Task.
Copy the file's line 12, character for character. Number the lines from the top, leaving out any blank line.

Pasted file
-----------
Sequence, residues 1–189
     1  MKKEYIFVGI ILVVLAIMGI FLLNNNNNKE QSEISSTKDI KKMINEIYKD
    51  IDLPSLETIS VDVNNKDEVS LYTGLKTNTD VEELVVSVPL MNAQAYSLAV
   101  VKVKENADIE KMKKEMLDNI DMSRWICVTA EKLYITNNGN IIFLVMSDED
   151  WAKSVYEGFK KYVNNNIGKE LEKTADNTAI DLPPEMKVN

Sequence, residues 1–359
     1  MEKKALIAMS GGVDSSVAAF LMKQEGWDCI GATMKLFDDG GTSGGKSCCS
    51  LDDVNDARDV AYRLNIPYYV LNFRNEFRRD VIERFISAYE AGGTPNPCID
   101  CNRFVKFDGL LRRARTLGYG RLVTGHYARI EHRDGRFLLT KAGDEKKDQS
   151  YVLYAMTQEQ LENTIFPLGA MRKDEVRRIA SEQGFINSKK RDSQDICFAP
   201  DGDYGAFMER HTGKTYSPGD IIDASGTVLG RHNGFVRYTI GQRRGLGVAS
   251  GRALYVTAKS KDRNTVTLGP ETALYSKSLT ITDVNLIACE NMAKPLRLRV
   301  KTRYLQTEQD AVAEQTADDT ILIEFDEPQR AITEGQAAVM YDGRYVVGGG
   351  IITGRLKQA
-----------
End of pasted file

   251  GRALYVTAKS KDRNTVTLGP ETALYSKSLT ITDVNLIACE NMAKPLRLRV